Everything we do – good, bad, and otherwise – we do in the pursuit of happiness. It’s the one thing that really unites us all, and it’s the theme that links all of the stories in If You’re Happy together. These short, sharp slices of life “explore the human heart and its desire and capacity for joy”, and all the ways – good, bad, and otherwise – we pursue happiness in a turbulent world.
Fiona Robertson is a doctor turned writer (which brings to mind Melanie Cheng and other Australian writers with a background in medicine). It’s clear that her experiences have seeped into her writing, with many of her characters grieving losses due to terminal illness or struggling with their own health troubles. (So, obviously a content warning for illness and grief, also suicide.)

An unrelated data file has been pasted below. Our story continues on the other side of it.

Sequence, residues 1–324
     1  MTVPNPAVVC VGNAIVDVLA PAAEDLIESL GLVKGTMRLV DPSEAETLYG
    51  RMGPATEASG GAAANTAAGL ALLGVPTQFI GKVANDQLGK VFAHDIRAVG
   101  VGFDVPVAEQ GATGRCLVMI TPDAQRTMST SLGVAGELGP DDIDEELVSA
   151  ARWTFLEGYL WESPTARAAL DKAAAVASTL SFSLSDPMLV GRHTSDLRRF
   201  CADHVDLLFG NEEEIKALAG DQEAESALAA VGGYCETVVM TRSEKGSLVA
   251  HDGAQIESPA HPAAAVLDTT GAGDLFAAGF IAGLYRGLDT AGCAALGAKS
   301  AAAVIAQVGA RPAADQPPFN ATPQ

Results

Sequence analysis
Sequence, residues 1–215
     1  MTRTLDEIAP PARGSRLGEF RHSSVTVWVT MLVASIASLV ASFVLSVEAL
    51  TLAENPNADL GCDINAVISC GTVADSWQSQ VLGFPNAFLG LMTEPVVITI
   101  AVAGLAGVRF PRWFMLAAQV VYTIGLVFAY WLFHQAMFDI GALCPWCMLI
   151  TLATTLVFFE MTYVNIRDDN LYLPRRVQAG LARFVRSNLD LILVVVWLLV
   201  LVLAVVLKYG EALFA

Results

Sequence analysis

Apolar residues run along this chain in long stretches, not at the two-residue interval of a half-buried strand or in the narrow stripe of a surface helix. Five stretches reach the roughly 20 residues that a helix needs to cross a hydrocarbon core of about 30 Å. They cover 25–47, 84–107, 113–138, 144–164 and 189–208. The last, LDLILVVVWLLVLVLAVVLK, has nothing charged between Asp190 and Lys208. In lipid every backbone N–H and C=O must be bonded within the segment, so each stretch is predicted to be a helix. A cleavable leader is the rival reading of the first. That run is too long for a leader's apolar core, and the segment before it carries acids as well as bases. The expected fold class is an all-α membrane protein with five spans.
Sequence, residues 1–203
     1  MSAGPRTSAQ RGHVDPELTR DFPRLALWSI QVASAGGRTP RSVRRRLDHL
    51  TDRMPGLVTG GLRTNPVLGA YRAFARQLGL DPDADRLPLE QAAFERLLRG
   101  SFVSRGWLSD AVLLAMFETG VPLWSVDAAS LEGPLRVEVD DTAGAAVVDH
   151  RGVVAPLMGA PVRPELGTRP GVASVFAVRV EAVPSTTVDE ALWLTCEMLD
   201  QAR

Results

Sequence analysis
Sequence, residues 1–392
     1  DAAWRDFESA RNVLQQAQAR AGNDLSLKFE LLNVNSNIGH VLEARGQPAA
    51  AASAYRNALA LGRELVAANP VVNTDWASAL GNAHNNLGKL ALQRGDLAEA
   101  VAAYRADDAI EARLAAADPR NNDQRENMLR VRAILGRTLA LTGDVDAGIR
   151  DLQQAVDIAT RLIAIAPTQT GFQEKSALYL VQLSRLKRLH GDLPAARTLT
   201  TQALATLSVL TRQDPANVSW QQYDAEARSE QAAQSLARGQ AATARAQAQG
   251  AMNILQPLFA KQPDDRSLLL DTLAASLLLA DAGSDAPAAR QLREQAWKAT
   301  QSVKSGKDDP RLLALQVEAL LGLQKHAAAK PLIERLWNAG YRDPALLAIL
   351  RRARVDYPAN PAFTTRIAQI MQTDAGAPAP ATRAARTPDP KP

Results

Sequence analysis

What’s most impressive in this collection, though, is Robertson’s incredible empathy for her characters. Their desires and foibles are honoured and handled gently, making even the most eccentric and unusual among them relatable.
If You’re Happy is an intriguing collection, and reading it is like peeking into the windows of strangers and learning all about their lives at a glance. My endless gratitude to UQP for sending through a copy for review.